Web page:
Looking for a great spring and summertime activity to do with your preschooler? Try gardening with your preschooler! Kids love getting outside and digging in the dirt, and by capitalizing on this interest, you can help them really connect with nature and teach them to be patient in their work.
But if you have never gardened with a child—or never gardened at all—you might be wondering how to approach this. Well, use our quick guide below to get started.
A Sunflower—or Two
This one is just so exciting for children, getting the chance to watch it grow so big and tall. And they are great for helping children get past their natural impatience since they will sprout within a week and can reach two feet tall in just a month.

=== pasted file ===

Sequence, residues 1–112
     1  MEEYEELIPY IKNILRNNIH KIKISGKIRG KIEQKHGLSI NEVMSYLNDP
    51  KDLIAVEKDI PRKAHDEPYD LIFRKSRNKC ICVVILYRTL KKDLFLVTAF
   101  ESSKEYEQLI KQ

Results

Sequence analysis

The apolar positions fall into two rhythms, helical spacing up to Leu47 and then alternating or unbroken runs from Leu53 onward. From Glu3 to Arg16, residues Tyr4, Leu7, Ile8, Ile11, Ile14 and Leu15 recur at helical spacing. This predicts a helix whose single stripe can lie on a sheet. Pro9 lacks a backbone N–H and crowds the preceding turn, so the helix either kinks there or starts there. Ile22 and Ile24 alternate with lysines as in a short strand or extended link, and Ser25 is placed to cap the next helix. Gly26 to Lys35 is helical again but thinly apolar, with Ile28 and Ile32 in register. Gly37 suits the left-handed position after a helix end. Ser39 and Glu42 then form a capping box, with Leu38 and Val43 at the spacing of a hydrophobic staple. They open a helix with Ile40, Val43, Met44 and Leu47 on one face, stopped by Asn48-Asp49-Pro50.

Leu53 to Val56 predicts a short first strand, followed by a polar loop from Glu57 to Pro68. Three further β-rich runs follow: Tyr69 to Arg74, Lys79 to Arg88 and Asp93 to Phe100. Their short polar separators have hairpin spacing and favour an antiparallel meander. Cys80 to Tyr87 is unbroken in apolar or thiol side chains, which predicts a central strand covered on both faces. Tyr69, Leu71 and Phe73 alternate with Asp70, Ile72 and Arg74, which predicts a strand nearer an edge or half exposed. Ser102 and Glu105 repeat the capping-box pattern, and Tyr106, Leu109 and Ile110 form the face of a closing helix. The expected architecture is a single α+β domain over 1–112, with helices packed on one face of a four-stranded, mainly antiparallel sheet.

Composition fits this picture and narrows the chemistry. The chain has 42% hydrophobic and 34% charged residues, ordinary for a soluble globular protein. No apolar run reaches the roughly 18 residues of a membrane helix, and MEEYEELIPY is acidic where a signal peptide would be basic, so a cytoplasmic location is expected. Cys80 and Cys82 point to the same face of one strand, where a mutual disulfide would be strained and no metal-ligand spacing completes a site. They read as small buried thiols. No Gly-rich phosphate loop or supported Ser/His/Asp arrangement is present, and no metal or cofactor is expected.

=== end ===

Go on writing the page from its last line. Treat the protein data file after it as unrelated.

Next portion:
This is a crop that grows relatively quickly and is easy for children to observe throughout the process. And if your child is veggie-resistant, it can be a great way to drum up excitement for eating salads at dinnertime. Your lettuce should be ready to eat in 40 to 50 days.
Cherry tomatoes are a great food for helping children learn to love fruits that aren’t so sweet as well as vegetables. Part of what makes them fun for children to grow, however, is the way they grow. You plant the seedlings near a stake and help them grow up the stakes as they mature. It is a very involved process for children and is quite the unique experience. Your cherry tomatoes should be ready to eat in 50-75 days.
Have you gardened with your child? Share your experience!